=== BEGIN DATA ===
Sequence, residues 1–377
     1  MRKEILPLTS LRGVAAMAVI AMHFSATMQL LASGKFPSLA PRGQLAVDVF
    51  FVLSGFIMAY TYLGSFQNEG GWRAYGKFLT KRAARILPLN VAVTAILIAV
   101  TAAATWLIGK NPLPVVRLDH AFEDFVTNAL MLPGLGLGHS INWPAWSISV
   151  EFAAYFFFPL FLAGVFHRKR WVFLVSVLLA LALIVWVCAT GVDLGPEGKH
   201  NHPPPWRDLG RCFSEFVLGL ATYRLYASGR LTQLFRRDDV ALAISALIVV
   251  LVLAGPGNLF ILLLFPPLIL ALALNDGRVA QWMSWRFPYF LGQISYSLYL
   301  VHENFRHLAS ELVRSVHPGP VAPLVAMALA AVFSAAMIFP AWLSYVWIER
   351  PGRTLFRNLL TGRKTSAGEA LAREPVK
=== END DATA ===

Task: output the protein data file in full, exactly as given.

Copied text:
Sequence, residues 1–377
     1  MRKEILPLTS LRGVAAMAVI AMHFSATMQL LASGKFPSLA PRGQLAVDVF
    51  FVLSGFIMAY TYLGSFQNEG GWRAYGKFLT KRAARILPLN VAVTAILIAV
   101  TAAATWLIGK NPLPVVRLDH AFEDFVTNAL MLPGLGLGHS INWPAWSISV
   151  EFAAYFFFPL FLAGVFHRKR WVFLVSVLLA LALIVWVCAT GVDLGPEGKH
   201  NHPPPWRDLG RCFSEFVLGL ATYRLYASGR LTQLFRRDDV ALAISALIVV
   251  LVLAGPGNLF ILLLFPPLIL ALALNDGRVA QWMSWRFPYF LGQISYSLYL
   301  VHENFRHLAS ELVRSVHPGP VAPLVAMALA AVFSAAMIFP AWLSYVWIER
   351  PGRTLFRNLL TGRKTSAGEA LAREPVK